Saturday, June 11, 2016

Early Critique: "Spells of Blood and Kin" by Claire Humphrey

Disclaimer: I was given a free advance ecopy of this book from NetGalley in exchange for an honest review. My opinion remains as forthright as ever.

Expected Publication: June 14th

What this book suffers the most from is comparison. Unfortunately, someone decided to name drop some of my favorite authors in the blurb on NetGalley (Alice Hoffman and Anne Bishop, among others), which led to high expectations on my part. At this point, I'm unsure if my expectations were so high I didn't enjoy it as much as I suspected I would, but at the same time, something about this book didn't quite satiate my requirements for urban fantasy, magical realism, or dark fantasy (as it's labeled).

This book doesn't suffer from any pacing issues, which is a recommendation in itself. I often struggle to get into books, even those I truly enjoy, due to poor pacing and unnecessary blocks of description and worldbuilding. All of the text that was in this book seemed to be relevant to it, which makes it a quicker read. However, I didn't have any sections of text I highlighted to return to because (for one reason or another) they stuck out to me as indicative of the author's writing style.

The Plot (As Seen on Goodreads):
'In her extraordinary debut, Spells of Blood and Kin, Claire Humphrey deftly weaves her paranormal world with vivid emotional depth and gritty violence. Bringing together themes of death, addiction, and grief, Claire takes readers on a human journey that goes beyond fantasy.
'When her beloved grandmother dies suddenly, 22-year-old Lissa Nevsky is left with no choice but to take over her grandmother's magical position in their small folk community. That includes honoring a debt owed to the dangerous stranger who appears at Lissa's door.
'Maksim Volkov needs magic to keep his brutal nature leashed, but he's already lost control once: his blood-borne lust for violence infects Nick Kaisaris, a charming slacker out celebrating the end of finals. Now Nick is somewhere else in Toronto, going slowly mad, and Maksim must find him before he hurts more people.
'Lissa must uncover forbidden secrets and mend family rifts in order to prevent Maksim from hurting more people, including himself. If she fails, Maksim will have no choice but to destroy both himself and Nick.'

You'd think being the heroine-lover that I am, the female characters in this book would be some of my favored ones. Instead, Maksim was really the only character of true interest to me in this book. All the other characters seemed almost unfinished or unrelatable, while Maksim stood out as different. Despite the potential for a large amount of action in this book, not much of it happened- a lot of it was centered in Maksim's past. Claire, who I thought I'd relate to as a fellow live-in granddaughter, seemed so static it was almost painful- though her stepsister tried to break her out of her shell, she changed only minutely through the course of the book. Though Claire's attitude and actions may have something to do with her grandmother's death, there was nothing interesting I found about her, other than the fact that she could do magic.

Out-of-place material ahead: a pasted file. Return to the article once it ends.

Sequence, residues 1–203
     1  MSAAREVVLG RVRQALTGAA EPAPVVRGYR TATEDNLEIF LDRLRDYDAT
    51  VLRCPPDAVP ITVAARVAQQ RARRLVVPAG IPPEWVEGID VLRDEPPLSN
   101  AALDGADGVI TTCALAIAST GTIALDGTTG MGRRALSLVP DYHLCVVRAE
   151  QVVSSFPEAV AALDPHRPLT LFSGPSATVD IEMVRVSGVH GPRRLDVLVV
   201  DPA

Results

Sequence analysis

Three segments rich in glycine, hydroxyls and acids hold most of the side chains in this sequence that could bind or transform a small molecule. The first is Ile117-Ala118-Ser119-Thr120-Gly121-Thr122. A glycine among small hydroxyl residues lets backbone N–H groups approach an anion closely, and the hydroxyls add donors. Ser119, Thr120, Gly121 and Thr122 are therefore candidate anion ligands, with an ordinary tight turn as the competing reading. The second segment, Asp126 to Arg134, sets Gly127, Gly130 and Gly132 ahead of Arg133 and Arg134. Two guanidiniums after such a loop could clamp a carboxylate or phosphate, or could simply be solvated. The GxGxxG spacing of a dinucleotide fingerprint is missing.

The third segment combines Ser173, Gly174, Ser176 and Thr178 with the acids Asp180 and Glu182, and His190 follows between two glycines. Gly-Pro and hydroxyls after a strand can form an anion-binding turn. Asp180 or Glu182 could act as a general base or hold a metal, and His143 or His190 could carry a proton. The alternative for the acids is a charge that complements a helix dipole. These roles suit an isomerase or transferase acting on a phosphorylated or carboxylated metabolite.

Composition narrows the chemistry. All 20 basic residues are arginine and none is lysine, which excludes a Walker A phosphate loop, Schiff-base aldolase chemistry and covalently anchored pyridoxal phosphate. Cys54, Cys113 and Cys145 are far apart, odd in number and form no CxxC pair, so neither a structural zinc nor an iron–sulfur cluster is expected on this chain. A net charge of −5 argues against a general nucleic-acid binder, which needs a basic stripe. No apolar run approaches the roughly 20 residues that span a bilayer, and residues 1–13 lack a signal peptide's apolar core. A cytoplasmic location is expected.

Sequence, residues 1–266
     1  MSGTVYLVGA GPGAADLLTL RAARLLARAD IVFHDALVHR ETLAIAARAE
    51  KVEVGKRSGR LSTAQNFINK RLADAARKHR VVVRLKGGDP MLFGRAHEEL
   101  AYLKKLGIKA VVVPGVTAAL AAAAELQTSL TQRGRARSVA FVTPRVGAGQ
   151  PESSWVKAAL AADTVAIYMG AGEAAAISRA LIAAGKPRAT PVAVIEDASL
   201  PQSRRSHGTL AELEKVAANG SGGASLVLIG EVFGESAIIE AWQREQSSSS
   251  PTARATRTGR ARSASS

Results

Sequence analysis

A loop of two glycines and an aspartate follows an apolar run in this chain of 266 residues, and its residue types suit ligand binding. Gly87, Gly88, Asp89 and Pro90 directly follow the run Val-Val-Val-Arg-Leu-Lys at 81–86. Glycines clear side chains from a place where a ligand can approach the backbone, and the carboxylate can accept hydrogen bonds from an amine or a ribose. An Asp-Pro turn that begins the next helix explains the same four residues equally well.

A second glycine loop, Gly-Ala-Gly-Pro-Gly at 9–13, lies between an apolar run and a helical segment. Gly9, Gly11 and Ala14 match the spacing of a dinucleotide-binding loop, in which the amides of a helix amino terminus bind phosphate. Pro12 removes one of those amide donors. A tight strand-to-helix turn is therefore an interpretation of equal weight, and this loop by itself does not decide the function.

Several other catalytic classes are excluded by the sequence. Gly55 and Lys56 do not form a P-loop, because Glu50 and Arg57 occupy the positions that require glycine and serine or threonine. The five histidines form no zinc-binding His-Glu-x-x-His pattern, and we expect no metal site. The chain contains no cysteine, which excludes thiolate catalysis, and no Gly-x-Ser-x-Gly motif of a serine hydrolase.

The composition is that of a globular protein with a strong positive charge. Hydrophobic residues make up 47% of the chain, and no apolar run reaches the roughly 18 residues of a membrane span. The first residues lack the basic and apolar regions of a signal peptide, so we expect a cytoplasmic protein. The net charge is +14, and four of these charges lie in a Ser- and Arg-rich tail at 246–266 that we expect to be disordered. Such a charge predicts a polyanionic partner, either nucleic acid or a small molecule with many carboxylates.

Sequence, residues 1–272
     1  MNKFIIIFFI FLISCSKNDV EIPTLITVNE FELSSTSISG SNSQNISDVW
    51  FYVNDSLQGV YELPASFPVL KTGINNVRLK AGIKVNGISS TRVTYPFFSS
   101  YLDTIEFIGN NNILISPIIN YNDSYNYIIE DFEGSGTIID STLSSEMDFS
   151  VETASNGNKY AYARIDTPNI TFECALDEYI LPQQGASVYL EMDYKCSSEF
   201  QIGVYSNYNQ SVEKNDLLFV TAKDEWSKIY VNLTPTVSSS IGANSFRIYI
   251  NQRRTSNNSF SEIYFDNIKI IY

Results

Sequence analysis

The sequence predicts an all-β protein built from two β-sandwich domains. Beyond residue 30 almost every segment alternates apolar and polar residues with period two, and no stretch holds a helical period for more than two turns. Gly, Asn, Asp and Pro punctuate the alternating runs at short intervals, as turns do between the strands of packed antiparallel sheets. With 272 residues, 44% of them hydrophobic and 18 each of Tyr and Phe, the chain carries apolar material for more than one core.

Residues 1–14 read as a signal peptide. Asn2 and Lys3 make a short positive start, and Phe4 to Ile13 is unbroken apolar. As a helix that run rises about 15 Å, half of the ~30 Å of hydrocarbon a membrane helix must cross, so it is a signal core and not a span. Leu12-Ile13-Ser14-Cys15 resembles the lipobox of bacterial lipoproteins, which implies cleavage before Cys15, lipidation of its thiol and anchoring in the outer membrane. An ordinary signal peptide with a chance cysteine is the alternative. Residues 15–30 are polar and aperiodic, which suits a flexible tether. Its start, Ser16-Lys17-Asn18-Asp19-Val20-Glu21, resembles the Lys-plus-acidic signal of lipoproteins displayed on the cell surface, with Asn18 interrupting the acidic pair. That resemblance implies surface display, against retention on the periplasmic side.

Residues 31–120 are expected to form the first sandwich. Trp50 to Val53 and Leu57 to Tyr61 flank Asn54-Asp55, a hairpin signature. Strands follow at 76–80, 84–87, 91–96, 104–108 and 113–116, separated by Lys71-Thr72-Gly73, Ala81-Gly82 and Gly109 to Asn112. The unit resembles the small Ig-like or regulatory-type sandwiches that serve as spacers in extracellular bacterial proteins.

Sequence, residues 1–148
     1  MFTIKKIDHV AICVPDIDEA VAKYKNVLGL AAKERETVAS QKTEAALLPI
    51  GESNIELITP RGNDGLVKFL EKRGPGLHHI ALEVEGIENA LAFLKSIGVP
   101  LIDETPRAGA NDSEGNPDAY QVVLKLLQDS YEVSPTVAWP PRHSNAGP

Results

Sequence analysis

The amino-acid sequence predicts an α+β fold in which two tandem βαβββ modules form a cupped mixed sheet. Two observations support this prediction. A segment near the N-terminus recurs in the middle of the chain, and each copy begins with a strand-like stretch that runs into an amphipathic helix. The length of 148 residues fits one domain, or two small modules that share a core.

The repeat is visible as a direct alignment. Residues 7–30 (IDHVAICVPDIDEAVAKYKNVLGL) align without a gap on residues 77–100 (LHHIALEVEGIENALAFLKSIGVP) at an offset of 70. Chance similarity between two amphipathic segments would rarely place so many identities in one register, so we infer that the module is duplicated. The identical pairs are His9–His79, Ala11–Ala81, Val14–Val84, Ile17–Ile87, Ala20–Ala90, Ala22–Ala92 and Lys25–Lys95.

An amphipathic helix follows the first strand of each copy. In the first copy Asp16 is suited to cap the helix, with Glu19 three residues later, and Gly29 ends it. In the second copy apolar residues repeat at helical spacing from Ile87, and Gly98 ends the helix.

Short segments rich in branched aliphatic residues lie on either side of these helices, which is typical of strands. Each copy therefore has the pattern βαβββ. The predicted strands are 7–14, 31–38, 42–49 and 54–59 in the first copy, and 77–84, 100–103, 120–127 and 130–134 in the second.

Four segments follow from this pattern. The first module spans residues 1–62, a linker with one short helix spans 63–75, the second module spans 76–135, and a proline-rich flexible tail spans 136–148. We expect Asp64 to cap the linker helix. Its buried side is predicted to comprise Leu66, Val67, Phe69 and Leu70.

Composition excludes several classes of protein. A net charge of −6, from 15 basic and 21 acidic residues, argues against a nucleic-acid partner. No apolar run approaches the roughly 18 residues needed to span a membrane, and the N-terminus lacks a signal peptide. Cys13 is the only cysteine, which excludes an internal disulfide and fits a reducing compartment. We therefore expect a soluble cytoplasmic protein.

The magic in this book seemed more realistic than most of the magic you'd see elsewhere- in other words, don't expect lightning to shoot out of Claire's eyes. Her magic is performed with eggs during certain phases of the moon. I was deeply unsatisfied with some of the worldbuilding in this book- although it reeks of magical realism, usually in magical realism there's a more dynamic plot with regards to characters' relationships. I was left a lot miffed that there wasn't more to Spells of Blood and Kin, because it had pacing worthy of a more interesting book.

Spells of Blood and Kin is an excellently paced novel with a lukewarm plot. I'm not sure how the author did it, but I was hooked from the beginning to the end, regardless of my feelings toward the characters and world they inhabited. Although I was left disappointed there wasn't more to it, this is still a solidly good book that held my interest while I read it- I just doubt I'll recall much about it in a year.

Rating: 3 of 5 Stars for a good horror-tinged fantasy that didn't quite meet my expectations.

Content: Ages 18+ for adultish themes including gore, violence, swearing, and sexual mentions.

Page Count: 320 pages


  1. I have this one to read. I try not to let comparisons to other authors influence me, but it can be hard to do. Especially when it's an author I really like. It's too bad the plot wasn't stronger. I'll be curious to know what I think of it when I get to it. I'll try to keep my expectations reasonable.

    1. I try not to let comparisons influence me either, but you tend to internally compare once the cat is out of the bag, so to speak. I kept trying to flip the page at the end of the book to get more from the story, but my Kindle wouldn't let me. I hope you get more out of it than I did.
      Thanks for stopping by and commenting, Wendy!
      ~Litha Nelle

  2. What Alice Hoffmnan books have you read? I have only read her Middle Grade book. I borrowed Practical Magic from the library last year but it had to go back before I read it. I think I bought one of her books on ebook special, but I don't remember which one.

    1. I think I've read most of her catalogue, though I do have a couple to read yet. My favorites have been The Dovekeepers and Turtle Moon, though something about At Risk (which I believe is more contemporary- set during the AIDS crisis) stuck with me as well.
      Thanks for stopping by and showing interest in Alice Hoffman, La La! ;)
      ~Litha Nelle


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